Injuries higher among obese people, study finds
COLUMBUS , Ohio – Results from a new study suggest that extremely obese people are more likely than normal-weight people to injure themselves.
Researchers collected health and injury data during a one-year period on more than 2,500 adults living in Colorado . More than one out of four (26 percent) of the extremely obese male participants reported personal injuries, and more than one out of five (21.7 percent) extremely obese women also reported injuries.
By comparison, about 17 percent of normal-weight men reported injuries, as did nearly 12 percent of normal-weight women, said Huiyun Xiang, the study's lead author and an investigator with the Center for Injury Research and Policy at Columbus Children's Research Institute.
Although other studies have looked at the relationship between obesity and injury, those studies were conducted either among adults in highly structured work environments or high school students, Xiang said. The current study is one of the first to look at the risk of injury in the general population.
The results appear in the current issue of the American Journal of Preventive Medicine.
The researchers categorized study participants based on individual body mass index (BMI) measurements, which relate a person's weight to their height. The National Institutes of Health recommends that BMI be used to classify someone as underweight, at a normal weight, overweight or obese, said Xiang, who is also an assistant professor of pediatrics at Ohio State University .
In this study, people with a BMI lower than 18.5 were considered underweight, and those with a BMI of 18.5 to 24.9 were considered within a normal weight range. People with a BMI of 25 to 29.9 were considered overweight, but not obese. Participants with a BMI of 30 to 34.9 were considered obese, while those with a BMI of 35 or higher were considered extremely obese.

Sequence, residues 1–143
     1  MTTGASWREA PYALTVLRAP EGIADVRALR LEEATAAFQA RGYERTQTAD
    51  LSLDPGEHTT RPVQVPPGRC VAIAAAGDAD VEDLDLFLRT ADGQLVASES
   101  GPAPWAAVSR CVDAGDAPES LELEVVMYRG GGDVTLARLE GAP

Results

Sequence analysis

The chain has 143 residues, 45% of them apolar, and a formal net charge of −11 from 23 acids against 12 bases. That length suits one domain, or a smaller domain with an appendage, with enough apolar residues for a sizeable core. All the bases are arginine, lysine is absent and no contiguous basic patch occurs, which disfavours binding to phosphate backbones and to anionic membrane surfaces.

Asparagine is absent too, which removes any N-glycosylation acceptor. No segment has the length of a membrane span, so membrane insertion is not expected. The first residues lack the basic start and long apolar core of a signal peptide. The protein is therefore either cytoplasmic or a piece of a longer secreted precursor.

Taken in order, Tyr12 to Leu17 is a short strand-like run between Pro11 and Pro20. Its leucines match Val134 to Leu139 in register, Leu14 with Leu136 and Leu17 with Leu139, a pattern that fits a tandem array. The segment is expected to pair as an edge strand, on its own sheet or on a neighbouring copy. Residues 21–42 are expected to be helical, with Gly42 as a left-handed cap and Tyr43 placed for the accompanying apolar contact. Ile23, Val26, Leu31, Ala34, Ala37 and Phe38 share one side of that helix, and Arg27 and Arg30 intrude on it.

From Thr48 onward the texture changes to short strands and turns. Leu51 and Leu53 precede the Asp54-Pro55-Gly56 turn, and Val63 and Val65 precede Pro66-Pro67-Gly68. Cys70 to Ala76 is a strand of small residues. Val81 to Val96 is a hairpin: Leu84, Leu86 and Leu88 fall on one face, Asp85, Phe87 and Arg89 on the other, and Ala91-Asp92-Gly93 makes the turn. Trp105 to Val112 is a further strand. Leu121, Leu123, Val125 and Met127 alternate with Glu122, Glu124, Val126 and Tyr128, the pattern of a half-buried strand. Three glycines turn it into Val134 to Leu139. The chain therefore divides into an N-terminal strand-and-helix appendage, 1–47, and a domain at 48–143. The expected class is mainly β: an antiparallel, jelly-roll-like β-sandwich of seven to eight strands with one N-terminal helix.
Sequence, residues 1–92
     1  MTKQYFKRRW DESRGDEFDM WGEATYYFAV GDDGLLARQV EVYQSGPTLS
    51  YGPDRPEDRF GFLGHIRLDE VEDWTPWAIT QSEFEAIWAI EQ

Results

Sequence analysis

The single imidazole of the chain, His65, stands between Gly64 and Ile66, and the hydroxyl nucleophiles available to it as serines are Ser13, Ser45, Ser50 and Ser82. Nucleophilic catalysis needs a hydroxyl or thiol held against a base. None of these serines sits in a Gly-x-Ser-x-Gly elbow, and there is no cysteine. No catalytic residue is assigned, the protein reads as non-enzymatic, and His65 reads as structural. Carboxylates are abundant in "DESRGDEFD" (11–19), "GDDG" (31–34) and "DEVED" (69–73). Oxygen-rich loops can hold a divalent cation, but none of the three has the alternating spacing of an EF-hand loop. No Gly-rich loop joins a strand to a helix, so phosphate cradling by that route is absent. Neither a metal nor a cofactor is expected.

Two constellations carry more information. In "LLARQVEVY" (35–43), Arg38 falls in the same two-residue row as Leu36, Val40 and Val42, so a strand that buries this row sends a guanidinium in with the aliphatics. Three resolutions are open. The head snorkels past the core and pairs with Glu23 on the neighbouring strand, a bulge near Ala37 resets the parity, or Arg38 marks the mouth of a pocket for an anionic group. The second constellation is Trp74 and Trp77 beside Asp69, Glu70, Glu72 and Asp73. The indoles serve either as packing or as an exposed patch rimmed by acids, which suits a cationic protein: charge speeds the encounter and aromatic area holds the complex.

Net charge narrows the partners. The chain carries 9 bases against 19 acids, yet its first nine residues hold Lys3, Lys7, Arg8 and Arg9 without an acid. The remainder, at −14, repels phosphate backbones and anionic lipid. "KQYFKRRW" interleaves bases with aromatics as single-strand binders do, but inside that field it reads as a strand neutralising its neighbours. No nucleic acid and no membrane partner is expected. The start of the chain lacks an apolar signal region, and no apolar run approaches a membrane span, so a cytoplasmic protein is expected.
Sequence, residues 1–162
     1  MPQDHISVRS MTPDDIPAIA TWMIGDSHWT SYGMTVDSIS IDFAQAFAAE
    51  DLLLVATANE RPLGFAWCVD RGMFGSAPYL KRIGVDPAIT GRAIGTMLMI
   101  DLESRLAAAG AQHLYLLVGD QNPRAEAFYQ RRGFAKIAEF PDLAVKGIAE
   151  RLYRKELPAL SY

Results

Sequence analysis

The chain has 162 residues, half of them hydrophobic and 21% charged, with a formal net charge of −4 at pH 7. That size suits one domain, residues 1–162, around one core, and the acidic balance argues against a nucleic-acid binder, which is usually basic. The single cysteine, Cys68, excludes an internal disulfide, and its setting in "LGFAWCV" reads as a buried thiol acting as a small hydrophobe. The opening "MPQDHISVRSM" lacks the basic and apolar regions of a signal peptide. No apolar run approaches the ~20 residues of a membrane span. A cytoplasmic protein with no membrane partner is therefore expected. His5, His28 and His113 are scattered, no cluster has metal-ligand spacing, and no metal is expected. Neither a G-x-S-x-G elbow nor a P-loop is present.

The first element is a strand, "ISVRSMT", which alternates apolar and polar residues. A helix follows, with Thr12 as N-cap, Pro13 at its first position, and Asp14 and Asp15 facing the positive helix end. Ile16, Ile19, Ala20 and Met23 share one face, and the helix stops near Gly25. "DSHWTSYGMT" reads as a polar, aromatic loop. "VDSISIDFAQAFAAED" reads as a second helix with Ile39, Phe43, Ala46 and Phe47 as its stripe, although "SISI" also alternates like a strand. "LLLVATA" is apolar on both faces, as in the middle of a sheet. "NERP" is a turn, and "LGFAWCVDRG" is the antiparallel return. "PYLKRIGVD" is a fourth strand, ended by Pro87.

Overexertion and falls were the most common causes of non-fatal injuries among obese and extremely obese people in the study.
"Obesity may limit what a person can physically do," Xiang said. "People with such limitations are often at a higher risk for injury than healthy people."
He and his colleagues gathered data from the Colorado Behavioral Risk Factor Surveillance System, which is sponsored by the Centers for Disease Control and Prevention. Through telephone surveys, the system monitors lifestyles and behaviors related to the primary causes of mortality and morbidity. Of the 2,575 adults who agreed to participate in the study, a total of 370 reported injuries within a one-year period.
The extremely obese participants reported the most injuries, while underweight people reported the least.
About 17 percent of women listed as obese, but not extremely so – those with a BMI of 30 to 34.9 – reported injuries. But fewer than one out of 10 (9.3 percent) obese men reported injuries, a finding that puzzled the researchers.
"We had a fairly small number of participants in this category, which could have resulted in this smaller number for men," Xiang said. "We expected it to be higher."
More than half – 51.7 percent – of the injuries sustained by obese and extremely obese people happened inside the home. Transportation areas, such as store parking lots, bus stations and airports, came in a distant second, with 16.3 percent of all reported injuries happening there.
More than a third of the injuries (35.2 percent) were caused by acute overexertion. Falls took second place, causing 29.9 percent of the injuries.
Injury rates reported by people who were overweight – but not obese – were similar to those of normal-weight participants. Results showed that 16.3 percent of overweight men and 12.3 percent of overweight women reported injuries, compared to 16.8 percent of normal-weight men and 11.3 percent of normal-weight women.
Underweight participants – those with a BMI of 18.5 or lower – reported the least number of injuries.
With the exception of obese men, injury rates increased with BMI in both men and women.
"There is undeniably a link between obesity and injury risk in adults," Xiang said. "Efforts to promote optimal body weight may reduce not only the risk of chronic diseases, but also the risk of unintentional injuries."
Xiang conducted the work with Lorann Stallones, a professor and director of the Colorado Injury Control Research Center at Colorado State University . Coauthors included Ohio State colleagues Gary Smith, director of the Center for Injury Research and Policy at Columbus Children's Research Institute; J. R. Wilkins, a professor with the division of epidemiology and biostatistics in Ohio State's School of Public Health; and Guanmin Chen and Sarah Hostetler, both with Columbus Children's Research Institute.
Source: Eurekalert & othersLast reviewed: By John M. Grohol, Psy.D. on 21 Feb 2009
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